Wednesday, September 10, 2003

Further Symptoms of the Failure of the Public School System

Via Niraj, I discovered this interesting piece in the New York Times, about the emerging trend - African immigrants to the United States are sending their children back home to complete their secondary educations. Not only are private schools in African countries an order of magnitude cheaper than their American counterparts, but the quality of the education they offer is far superior to what can be had in the typical inner-city public school - a fact that may come as a surprise to the "we need more money" school of liberal thought, but which is hardly astonishing to me; after all, I am in part a product of African schools myself, and I don't think I've turned out too badly for being so.

September 4, 2003
For Schooling, a Reverse Emigration to Africa
By LYNETTE CLEMETSON

WASHINGTON, Sept. 3 — Najima and Nayaba Bawa were despondent when their parents first raised the subject of sending them home to Ghana. It was three years ago, one evening as their mother was braiding Nayaba's hair. Najima, then in junior high, had lost focus in school. Hanging out with friends had become more important than studying. She had even brought home a few C's on her report card.

They had reached a decision, the girls' parents calmly informed them. They were sending them to the Akosombo International School, a boarding school in the eastern Ghananian town of Akosombo, northeast of the capital, Accra.

"We tried everything to get out of it," said Najima, 16, now preparing, along with her sister, to begin her third year there.

Nayaba, 14, who like her sister grew up in Washington, said, "We wondered what we had done to be sent away."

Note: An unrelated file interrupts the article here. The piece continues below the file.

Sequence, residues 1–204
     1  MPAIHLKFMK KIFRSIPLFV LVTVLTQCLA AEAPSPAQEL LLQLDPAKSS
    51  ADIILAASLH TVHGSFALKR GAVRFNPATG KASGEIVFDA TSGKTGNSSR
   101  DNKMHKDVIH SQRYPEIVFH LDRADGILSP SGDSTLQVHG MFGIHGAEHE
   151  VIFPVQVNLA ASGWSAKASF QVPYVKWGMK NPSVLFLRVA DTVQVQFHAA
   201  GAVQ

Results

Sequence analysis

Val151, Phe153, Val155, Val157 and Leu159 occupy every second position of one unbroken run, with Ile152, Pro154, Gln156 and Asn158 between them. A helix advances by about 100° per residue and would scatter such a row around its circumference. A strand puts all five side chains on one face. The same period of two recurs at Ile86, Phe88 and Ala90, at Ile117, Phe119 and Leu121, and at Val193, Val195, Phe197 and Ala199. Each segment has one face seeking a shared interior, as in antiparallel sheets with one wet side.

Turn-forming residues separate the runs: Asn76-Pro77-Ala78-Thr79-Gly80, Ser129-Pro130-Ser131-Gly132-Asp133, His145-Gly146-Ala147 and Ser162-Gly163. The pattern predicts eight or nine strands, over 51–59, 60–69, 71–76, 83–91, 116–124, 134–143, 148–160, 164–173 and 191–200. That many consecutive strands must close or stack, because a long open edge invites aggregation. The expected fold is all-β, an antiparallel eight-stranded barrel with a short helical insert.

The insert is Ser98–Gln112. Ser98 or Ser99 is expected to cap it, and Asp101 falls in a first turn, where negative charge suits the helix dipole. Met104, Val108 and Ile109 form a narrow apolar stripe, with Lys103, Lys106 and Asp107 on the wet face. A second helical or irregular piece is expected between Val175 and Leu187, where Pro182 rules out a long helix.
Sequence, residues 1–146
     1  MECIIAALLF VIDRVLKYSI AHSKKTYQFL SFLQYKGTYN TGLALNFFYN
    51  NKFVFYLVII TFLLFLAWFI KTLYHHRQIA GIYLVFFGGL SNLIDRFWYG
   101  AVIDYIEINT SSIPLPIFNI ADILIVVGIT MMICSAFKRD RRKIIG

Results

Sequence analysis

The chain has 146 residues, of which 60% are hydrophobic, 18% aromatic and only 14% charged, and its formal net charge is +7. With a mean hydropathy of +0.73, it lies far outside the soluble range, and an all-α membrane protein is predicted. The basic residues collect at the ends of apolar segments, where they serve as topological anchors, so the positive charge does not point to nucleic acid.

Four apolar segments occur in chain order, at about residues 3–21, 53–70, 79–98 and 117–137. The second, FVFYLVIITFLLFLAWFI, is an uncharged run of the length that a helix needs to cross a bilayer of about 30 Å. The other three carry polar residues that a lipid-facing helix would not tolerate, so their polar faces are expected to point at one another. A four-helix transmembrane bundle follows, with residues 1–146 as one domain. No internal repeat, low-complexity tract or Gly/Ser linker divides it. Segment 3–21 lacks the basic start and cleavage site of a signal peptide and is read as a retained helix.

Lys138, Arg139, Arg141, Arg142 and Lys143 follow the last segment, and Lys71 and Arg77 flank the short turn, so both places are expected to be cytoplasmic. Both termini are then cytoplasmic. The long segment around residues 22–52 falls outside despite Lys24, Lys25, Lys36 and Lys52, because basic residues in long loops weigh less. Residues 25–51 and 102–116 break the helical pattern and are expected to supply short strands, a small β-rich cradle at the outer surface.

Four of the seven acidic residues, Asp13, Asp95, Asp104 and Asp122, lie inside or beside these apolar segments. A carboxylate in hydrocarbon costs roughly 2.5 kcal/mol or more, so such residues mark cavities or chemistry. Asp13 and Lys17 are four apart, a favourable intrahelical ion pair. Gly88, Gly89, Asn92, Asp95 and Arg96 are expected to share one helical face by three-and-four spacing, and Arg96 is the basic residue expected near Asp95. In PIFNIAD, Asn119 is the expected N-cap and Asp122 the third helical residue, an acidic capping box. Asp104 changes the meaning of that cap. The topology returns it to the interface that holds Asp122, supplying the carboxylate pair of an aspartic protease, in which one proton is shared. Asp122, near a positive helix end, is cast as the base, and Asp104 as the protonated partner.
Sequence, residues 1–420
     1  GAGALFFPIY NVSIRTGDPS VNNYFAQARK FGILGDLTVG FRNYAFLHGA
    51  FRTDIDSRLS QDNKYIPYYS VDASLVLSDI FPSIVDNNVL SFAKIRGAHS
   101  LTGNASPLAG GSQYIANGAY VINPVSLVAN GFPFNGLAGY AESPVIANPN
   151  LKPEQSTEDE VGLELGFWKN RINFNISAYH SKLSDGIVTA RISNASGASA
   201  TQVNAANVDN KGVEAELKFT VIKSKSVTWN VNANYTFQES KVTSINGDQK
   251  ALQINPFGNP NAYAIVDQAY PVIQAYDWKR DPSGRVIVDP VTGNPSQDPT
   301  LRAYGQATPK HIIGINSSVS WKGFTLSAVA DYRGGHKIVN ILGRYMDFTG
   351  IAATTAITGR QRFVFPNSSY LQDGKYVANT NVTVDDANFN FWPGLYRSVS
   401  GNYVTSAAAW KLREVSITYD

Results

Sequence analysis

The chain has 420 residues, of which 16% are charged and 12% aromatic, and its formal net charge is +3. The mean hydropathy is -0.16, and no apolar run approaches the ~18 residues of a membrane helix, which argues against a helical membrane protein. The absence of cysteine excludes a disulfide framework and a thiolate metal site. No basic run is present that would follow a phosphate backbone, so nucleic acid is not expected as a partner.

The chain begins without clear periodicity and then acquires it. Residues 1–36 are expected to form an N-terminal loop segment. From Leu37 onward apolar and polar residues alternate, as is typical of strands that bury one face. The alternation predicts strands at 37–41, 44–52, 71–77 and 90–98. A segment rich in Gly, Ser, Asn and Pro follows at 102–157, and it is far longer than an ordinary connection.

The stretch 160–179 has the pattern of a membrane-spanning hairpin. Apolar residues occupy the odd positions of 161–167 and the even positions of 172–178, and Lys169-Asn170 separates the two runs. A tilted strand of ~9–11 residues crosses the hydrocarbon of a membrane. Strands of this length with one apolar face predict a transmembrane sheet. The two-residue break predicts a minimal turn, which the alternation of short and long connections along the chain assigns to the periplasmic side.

When they arrived at the Ghananian school and met the children of other Africans from the United States, they realized that their parents' decision was not uncommon. The Bawas, and other African families like them, have opted for a temporary reverse emigration for their children. In part it is an effort to help them maintain links to their African heritage. But it is also, many say, a conscious, protective response to adolescence in the United States.

American teenagers have more opportunity to get into trouble than those in Africa, where high levels of independence and materialism are less common, these families say. And the negative consequences of slipping through the cracks in the United States, they say they have observed, often disproportionately affect black children.

For their children to realize the American dream, many immigrant parents have decided, it may be best for them to leave the United States for a few years.

"During those tender years when so many African-American children are lost, it is seen as a beneficial absence," said Sulayman S. Nyang, a professor of African studies at Howard University. "Parents worry that the negative values of self-denigration that some children fall into here will hamper the quest for social mobility that is part of the immigrant experience."

According to the latest census, the African-born population in the United States totals nearly one million. There are no figures on the numbers of African families who choose to school their children in their home countries, but Professor Nyang and other academics and families interviewed said the cultural timeouts had been practiced since the African population in the United States began to swell in the late 1970's and 1980's.